Narnia, Lilith, and Banjos


I saw Lester Flatt, of Flatt & Scruggs/Foggy Mountain Breakdown/Beverly Hillbillies fame, in 1976 when I was 12 years old, on television in southern California. The banjo in his band thrilled me, and Dad bought me a banjo when I was 13. I didn’t come out of my room until I was 21.

When I picked up that Harmony banjo for the first time, when I attempted to play it and failed, I could have said, “I can’t do this.” My Dad could have said, “Don’t bother, kid. You don’t have any musical talent.”

They have chosen cunning instead of belief. Their prison is only in their own minds, yet they are in that prison, and so afraid of being taken in that they cannot be taken out.

C. S. Lewis

The truth is I was already a musician; my “work” was to go on believing it and doing it. Throughout my life I’ve had plenty of doubts, fears, temptations, and sins, the kind that come from flesh, world, and devil. As a human being, I am expertly acquainted with all three.

But follow my reasoning here.

Everyone in the world operates by faith. It’s the means by which we do anything. I step out my door to greet the open sky, trusting a meteorite won’t hit me; I drive to the airport, “knowing” I won’t break down or get in an accident; I get in a seat-filled flying metal tube with 200 people and thousands of pounds of luggage (this thing goes up to 40,000 feet, racing at 600mph) and I trust it won’t break into pieces. Reason says, “The odds are against the meteorite, the accident, the crash.” So we bet on the odds, trusting we’ll be safe. Reason brings us to the outskirts of certainty and then we hop over the rest. Faith.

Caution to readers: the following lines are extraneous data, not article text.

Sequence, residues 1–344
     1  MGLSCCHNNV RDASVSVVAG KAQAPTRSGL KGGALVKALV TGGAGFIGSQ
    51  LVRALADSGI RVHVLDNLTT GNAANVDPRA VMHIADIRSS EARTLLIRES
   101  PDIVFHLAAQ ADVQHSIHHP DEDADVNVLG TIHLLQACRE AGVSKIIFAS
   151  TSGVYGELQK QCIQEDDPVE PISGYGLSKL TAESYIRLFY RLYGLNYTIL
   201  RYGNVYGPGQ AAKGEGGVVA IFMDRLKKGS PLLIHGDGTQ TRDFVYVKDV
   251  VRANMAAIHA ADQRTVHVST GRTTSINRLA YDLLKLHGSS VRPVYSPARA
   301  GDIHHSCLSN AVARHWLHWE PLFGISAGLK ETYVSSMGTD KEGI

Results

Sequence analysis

When someone lacks this ordinary faith, we call it a disorder. We name it. Agoraphobia. Claustrophobia. Acrophobia. Banjophobia (a few of my relatives had this).

One of my favorite dialogues in George MacDonald’s Lilith is this one, between Mr. Vane and Mr. Raven. Mr. Vane begins:

“You have been making a fool of me!” I said, turning from him.

“Excuse me: no one can do that but yourself!”

“And I decline to do it.”

“You mistake.”


“In declining to acknowledge yourself one already. You make yourself such by refusing what is true, and for that you will sorely punish yourself.”

“How, again?”

“By believing what is not true.”

C. S. Lewis in The Last Battle echoes. The dwarfs are sitting inside the stable door, with sun, trees, grass—all of new Narnia around them. But they refuse to believe it. To their minds they are inside a stable, and nothing can divest them of their false perceptions.

“The dwarfs are for the dwarfs. We won’t be taken in.”

“You see,” said Aslan. “They will not let us help them. They have chosen cunning instead of belief. Their prison is only in their own minds, yet they are in that prison, and so afraid of being taken in that they cannot be taken out. But come, children. I have other work to do.”

If I had believed I’m just not a banjo player 30 years ago I have no idea where my life would be right now. My circumstances, no doubt, would be vastly different.

The Apostle Peter writes:

“Grace and peace be multiplied to you in the knowledge of God and of Jesus our Lord, as His divine power has given to us all things that pertain to life and godliness, through the knowledge of Him who called us by glory and virtue, by which have been given to us exceedingly great and precious promises, that through these you may be partakers of the divine nature, having escaped the corruption that is in the world through lust.”

When I look at that it, and compare it to my life, it doesn’t seem real. Shouldn’t that read, “…His divine power will give to us all things that pertain to life and godliness.” By his divine power God has already given me everything I need for life and godliness? Through the promises I am a partaker of the divine nature?